- hoarse voice
- sore throat
Uncommon side effects include:
- abnormal taste
- asthma attack
- burning lips
- changes to blood test results, like low white blood cells, increased platelets, increased blood sugar levels, increase in insulin, ketones, or free fatty acids.
- cough or productive cough
- difficulty swallowing
- excessive sweating
- flu-like symptoms
- inflamed sinuses
- irritated throat
- reddening of the face
- unusually fast heartbeat
- vaginal fungal infections
Rare side effects include:
- tightness in the chest
- feeling like you missed a heartbeat
- high or low blood pressure
- kidney inflammation
- swelling of the skin and mucous membranes
Very rare side effects include:
- worsening of asthma
- shortness of breath
- swollen hands and feet
Tell your doctor straight away if you have:
- skin allergies
- skin itching
- rash or reddening of the skin
- swelling of your eyes, face, lips, or throat.
Like all asthma inhalers, there is a small risk that Fostair will make shortness of breath or wheezing symptoms worse. If this happens you must stop using Fostair straight away and use your quick acting reliever inhaler straight away to treat shortness of breath and wheezing. You should also contact your doctor straight away.
Can you overdose on Fostair?
Yes, you can overdose on Fostair if you take more than you should. Taking more formoterol than you should can cause:
- heart palpitations
- increased heart rate
- changes in heart rhythm
- feeling sleepy
- low blood potassium levels
- high blood sugar levels
Taking too much beclometasone than you should, can cause short term issues with your adrenal glands. Consult your doctor if you have taken more Fostair than you should.
Does Fostair cause weight gain?
Weight gain is not listed as a side effect of taking Fostair.
However, some research suggests that inhaled corticosteroids may cause weight gain in some groups. One study suggested that the use of high inhaled corticosteroid doses could have been linked with an increase in body weight in women after one year. However, the researchers stated more research was needed to see whether the relationship was influenced by sex hormones, diet, exercise, and other medication.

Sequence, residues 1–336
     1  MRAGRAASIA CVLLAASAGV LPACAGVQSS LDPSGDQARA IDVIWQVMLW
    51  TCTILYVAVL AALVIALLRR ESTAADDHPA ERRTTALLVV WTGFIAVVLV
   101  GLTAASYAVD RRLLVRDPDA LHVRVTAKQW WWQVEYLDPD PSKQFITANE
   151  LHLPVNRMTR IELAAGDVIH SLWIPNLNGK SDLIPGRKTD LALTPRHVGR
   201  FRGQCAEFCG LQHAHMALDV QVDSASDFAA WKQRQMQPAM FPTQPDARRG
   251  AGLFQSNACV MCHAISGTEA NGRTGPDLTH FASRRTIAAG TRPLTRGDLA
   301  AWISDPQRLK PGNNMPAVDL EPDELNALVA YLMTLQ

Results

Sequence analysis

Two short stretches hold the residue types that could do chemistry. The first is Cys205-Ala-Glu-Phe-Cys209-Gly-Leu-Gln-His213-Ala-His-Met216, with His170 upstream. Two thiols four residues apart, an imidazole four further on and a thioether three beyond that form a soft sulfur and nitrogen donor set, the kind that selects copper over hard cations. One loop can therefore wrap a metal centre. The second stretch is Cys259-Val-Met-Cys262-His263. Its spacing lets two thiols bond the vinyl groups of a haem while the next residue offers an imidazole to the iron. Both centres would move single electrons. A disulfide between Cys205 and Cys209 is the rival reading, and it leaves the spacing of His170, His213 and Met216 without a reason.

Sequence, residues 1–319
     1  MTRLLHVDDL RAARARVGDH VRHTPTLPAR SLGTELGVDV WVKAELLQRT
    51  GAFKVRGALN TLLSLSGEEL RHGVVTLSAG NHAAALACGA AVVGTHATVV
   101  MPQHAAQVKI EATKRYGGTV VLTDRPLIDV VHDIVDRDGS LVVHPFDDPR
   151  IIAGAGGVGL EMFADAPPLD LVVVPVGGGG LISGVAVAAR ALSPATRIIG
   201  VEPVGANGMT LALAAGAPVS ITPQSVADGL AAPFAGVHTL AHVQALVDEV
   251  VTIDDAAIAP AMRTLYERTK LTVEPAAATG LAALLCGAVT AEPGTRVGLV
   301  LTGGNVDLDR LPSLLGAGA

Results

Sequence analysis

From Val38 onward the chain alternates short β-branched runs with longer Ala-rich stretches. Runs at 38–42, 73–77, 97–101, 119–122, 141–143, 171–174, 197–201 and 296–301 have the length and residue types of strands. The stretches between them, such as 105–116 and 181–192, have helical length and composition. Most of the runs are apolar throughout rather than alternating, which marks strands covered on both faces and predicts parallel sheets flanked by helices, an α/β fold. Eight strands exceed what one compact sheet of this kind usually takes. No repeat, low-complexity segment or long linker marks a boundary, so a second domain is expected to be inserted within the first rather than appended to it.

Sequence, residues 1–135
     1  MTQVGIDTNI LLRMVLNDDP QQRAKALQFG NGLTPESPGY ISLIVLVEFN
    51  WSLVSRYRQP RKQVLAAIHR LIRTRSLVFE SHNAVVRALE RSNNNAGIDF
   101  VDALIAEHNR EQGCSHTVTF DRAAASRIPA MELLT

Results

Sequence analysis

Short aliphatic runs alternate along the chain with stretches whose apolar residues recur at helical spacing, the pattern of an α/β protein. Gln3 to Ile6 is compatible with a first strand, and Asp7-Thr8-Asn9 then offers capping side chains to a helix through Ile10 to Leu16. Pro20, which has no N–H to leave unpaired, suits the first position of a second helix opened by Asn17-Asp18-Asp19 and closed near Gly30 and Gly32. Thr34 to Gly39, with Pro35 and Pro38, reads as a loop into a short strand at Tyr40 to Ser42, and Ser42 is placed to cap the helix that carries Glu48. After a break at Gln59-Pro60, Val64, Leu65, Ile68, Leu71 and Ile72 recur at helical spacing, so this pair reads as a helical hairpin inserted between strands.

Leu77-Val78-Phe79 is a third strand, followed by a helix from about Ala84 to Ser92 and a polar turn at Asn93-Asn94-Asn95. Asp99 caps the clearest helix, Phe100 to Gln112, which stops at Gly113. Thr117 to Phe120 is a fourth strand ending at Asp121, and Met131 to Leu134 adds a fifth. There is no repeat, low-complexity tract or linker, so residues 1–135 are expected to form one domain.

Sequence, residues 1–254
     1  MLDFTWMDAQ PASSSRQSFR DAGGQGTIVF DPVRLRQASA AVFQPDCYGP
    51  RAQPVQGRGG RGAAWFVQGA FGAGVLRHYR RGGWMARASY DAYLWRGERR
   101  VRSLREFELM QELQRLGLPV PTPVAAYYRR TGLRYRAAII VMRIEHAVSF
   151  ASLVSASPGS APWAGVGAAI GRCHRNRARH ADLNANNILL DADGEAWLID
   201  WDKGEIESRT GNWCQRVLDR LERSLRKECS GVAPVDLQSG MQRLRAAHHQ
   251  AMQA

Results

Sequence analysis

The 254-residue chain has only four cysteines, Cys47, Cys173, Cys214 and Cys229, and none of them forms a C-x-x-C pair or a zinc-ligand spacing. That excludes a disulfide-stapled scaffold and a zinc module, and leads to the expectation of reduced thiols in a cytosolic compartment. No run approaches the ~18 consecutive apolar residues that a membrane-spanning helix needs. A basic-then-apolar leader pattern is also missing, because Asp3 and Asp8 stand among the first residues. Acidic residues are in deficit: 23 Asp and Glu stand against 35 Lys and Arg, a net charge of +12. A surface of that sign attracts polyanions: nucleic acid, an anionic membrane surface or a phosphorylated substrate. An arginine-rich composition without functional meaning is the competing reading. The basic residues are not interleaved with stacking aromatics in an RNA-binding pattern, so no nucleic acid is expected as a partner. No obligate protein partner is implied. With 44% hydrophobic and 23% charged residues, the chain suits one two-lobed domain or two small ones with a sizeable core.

Who shouldn’t take Fostair?
Fostair should not be used by children or teenagers under the age of 18 years. You should not take Fostair if you are pregnant, think you might be pregnant or are breastfeeding, unless otherwise advised by your doctor.
Do not use Fostair if you are or think you might be allergic to any of the ingredients it contains, or if you are allergic to other medicines or inhalers used to treat asthma.
You should tell your doctor if you are taking any medicines used to treat:
- an abnormal heart rhythm
- high blood pressure
- depression or mental health disorders
- nausea and sickness (vomiting)
- Parkinson’s disease
- an underactive thyroid gland
- heart disease
- water retention
- alcohol dependence
You should also tell your doctor if you are using antihistamines or any other medications and if you’re taking Fostair if you have an operation.
Do not use beta blockers with this medicine. Beta blockers are often used to treat conditions affecting the heart and circulatory system, like:
- high blood pressure
- abnormal heart rhythms
- heart failure
Beta blockers can also come in eyedrop form and be used to treat conditions such as glaucoma.
Side effects of long term use
If you use high dose corticosteroids for a long period of time it can increase the risk of systemic effects, such as:
- adrenal suppression – a problem affecting how your adrenal glands work
- glaucoma – increased pressure in the eyes
- growth retardation – slowed growth in children and adolescents
- thin bones – reduction in bone mineral density
Beclometasone Inhalers (2020) NHS [Accessed 27 May 2021]
Combination Inhalers (2021) Asthma UK [Accessed 27 May 2021]
Corticosteroids (2021) NHS [Accessed 27 May 2021]
Fostair 100/6 Patient Information Leaflet (2020) Chiesi Ltd [Accessed 27 May 2021]
Fostair 200/6 Patient Information Leaflet (2018) Chiesi Ltd [Accessed 27 May 2021]
Inhaled Corticosteroids and Weight Gain (2012) ISRN Pulmonology [Accessed 27 May 2021]
Seretide 250 Accuhaler (2020) EMC [Accessed 27 May 2021]